Last reviewed: June 2018
July 30, 1818
Thornton, Yorkshire, England
December 19, 1848
Haworth, Yorkshire, England
Emily Jane Brontë, the fifth child of the Reverend Patrick Brontë and his wife, Maria Branwell, is best remembered as the author of one of the most enigmatic novels in English, Wuthering Heights. The close relationship she enjoyed with her sisters Charlotte and Anne, both acclaimed novelists in their own rights, shaped her life and determined the subject and quality of her writing. Emily Brontë
Brontë spent her adult life at Haworth parsonage, the home to which her father moved when she was not yet two years old. Raised by her Aunt Elizabeth after Maria Brontë died of cancer in 1821, she came to love the barren Yorkshire moors and to appreciate the Romantic literature that was becoming popular as she grew to adulthood. As a child, she and her sisters, along with their only brother, Branwell, amused themselves by inventing elaborate fantasy worlds while their father carried out his clerical duties. For nearly two decades Emily and Anne worked on a private project known as the Gondal sagas. Writing about this imaginary kingdom prepared Emily for her brief career as a serious writer. Early in her life Emily began writing poetry that she preserved in notebooks, keeping her work secret even from her sisters.
The Brontë family seemed cursed by illness and premature death. Emily’s oldest sisters, Maria and Elizabeth, died in 1825 after contracting an illness at school. Emily attended the same school briefly from 1824 to 1825 and accompanied her sister Charlotte to Roe Head School in 1835 when Charlotte secured a teaching post there. Emily stayed only three months, however, suffering during the entire period from a homesickness that made her physically ill. In 1838 she secured a teaching position at Law Hill School but returned home less than a year later. In February 1842, she and Charlotte went to Brussels to study, hoping to develop skills to start a school in Yorkshire. Emily did not stay long, however, returning home to become her father’s housekeeper when her Aunt Elizabeth died in October 1842. It seems that, no matter how diligently she may have tried to live away from home, Emily Brontë suffered both physically and psychologically when away from the Yorkshire region; her attachment to Haworth contributed to her reputation as the most reclusive member of the Brontë family.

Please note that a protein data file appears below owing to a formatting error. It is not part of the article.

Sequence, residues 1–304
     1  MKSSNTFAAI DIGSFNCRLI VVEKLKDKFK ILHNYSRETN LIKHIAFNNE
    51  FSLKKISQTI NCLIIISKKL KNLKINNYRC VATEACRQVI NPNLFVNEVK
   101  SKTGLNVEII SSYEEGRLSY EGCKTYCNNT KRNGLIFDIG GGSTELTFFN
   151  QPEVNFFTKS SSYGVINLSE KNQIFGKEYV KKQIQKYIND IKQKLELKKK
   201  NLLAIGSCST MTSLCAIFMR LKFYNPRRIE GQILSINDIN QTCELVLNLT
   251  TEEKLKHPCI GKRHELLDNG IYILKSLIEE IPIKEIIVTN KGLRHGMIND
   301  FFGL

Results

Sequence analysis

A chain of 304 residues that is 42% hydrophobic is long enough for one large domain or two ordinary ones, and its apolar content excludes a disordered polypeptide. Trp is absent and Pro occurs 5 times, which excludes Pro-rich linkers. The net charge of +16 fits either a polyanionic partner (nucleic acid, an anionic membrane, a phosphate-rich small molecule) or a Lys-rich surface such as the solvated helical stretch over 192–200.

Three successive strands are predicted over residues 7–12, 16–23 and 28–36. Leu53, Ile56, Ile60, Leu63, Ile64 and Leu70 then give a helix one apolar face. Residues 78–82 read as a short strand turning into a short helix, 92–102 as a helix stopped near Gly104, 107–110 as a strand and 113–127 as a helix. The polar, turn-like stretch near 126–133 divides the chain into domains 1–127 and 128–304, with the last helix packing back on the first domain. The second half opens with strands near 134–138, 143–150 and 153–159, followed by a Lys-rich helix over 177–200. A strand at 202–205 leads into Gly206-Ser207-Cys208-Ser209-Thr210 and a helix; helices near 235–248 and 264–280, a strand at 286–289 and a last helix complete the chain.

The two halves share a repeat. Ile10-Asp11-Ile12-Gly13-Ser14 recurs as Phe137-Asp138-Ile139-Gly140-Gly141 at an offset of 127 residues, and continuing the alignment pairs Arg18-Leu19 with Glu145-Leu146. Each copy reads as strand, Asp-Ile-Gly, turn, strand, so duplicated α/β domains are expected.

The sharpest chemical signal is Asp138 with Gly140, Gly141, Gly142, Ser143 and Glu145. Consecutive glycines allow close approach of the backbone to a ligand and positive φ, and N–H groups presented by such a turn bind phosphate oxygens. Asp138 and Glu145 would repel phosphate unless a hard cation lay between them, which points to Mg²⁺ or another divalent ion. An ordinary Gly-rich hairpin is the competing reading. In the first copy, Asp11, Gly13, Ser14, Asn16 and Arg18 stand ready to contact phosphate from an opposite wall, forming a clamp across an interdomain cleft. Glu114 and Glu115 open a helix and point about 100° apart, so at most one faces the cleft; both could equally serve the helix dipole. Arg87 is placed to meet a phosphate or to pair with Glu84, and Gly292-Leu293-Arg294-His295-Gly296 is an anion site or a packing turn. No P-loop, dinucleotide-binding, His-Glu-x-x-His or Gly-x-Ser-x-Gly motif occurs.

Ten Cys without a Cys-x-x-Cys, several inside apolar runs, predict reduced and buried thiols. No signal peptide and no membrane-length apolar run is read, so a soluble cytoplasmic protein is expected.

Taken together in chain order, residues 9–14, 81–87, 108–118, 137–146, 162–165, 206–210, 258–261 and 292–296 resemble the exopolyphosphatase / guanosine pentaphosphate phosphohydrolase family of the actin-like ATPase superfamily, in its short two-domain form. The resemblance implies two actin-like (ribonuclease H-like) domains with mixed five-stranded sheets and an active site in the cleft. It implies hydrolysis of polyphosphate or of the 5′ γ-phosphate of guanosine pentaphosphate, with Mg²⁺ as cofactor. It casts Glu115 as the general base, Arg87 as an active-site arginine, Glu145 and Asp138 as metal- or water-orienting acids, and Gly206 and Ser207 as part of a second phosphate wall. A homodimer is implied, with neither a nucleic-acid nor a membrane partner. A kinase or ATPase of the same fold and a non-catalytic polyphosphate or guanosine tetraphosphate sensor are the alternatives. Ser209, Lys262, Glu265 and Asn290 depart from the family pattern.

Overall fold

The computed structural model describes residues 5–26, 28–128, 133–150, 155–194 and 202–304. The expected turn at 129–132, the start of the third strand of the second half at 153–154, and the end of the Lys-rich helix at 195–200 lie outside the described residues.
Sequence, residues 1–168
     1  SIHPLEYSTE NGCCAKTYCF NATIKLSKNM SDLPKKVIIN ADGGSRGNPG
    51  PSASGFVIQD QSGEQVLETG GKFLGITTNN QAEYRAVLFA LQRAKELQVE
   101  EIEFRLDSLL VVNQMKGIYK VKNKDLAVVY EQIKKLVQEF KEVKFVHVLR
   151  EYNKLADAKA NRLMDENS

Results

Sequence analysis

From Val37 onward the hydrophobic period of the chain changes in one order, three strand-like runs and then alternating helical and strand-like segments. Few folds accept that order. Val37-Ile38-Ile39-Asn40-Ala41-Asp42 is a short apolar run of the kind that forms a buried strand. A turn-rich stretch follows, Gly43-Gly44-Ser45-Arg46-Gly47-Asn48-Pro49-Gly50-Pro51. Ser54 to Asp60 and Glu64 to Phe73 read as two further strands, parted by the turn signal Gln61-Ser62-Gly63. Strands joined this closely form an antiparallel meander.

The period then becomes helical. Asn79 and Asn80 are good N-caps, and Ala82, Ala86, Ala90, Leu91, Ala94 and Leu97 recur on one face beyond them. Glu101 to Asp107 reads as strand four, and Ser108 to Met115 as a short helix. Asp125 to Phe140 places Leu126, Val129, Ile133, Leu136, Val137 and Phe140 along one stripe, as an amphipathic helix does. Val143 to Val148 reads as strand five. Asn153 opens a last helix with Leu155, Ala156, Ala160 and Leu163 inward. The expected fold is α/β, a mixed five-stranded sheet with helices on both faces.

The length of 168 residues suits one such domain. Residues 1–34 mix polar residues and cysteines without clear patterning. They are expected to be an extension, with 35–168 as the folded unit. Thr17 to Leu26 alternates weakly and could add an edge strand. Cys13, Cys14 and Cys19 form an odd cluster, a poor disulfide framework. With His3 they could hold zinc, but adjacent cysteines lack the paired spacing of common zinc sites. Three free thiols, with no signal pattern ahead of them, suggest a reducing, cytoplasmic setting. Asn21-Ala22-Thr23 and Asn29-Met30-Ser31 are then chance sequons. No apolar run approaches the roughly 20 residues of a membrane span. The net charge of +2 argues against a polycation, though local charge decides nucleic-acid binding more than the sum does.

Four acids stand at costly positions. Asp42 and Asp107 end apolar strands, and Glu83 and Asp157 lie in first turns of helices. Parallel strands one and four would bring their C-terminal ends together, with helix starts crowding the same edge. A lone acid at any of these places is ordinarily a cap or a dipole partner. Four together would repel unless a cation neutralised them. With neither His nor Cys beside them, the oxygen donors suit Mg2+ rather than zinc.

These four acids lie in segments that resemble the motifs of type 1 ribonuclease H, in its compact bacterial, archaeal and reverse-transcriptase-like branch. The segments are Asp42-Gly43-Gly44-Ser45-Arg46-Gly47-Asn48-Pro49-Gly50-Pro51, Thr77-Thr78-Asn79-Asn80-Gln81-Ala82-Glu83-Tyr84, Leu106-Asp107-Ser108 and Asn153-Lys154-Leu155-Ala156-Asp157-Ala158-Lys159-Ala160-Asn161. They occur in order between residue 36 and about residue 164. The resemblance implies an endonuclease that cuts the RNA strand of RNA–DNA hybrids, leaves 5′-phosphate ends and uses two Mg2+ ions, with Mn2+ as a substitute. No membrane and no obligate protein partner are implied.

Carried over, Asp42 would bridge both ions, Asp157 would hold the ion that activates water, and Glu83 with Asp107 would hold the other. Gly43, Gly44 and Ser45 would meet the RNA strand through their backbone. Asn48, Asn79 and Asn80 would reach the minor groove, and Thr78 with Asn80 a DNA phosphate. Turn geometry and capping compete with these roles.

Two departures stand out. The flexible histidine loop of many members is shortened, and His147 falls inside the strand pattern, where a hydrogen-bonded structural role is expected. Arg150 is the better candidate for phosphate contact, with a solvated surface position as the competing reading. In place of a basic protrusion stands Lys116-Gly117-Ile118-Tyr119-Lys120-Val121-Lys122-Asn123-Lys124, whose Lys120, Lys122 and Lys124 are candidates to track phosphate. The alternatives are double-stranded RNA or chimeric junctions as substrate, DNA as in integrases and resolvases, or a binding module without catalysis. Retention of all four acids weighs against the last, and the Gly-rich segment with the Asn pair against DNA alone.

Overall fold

By 1845 the Brontë sisters had each begun work on separate novels. The following year the three sisters agreed to collaborate on a volume of poetry that was issued pseudonymously under the title Poems by Currer, Ellis, and Acton Bell. A year later, publisher Thomas Newby agreed to bring out a three-volume set containing Wuthering Heights and Anne’s Agnes Grey. Initial reception of both the poems and Emily’s novels was modest, but the sensation caused by the revelation that the three Bells were actually young women from the North gave all their works sufficient notoriety that Poems by Currer, Ellis, and Acton Bell was reissued in 1848.
Unfortunately, Emily did not live to see her novel achieve fame among her contemporaries; she died of consumption (tuberculosis) in December 1848. Almost immediately, the reputation of her novel began to bring notice to her memory, and as details of the Brontë sisters’ lives became public, a kind of cult began to form that worshiped both Wuthering Heights and its mysterious author. On the strength of this single novel, Emily Brontë has been elevated to a position as a premier English novelist, her work ranking as one of the most remarkable achievements during the nineteenth century.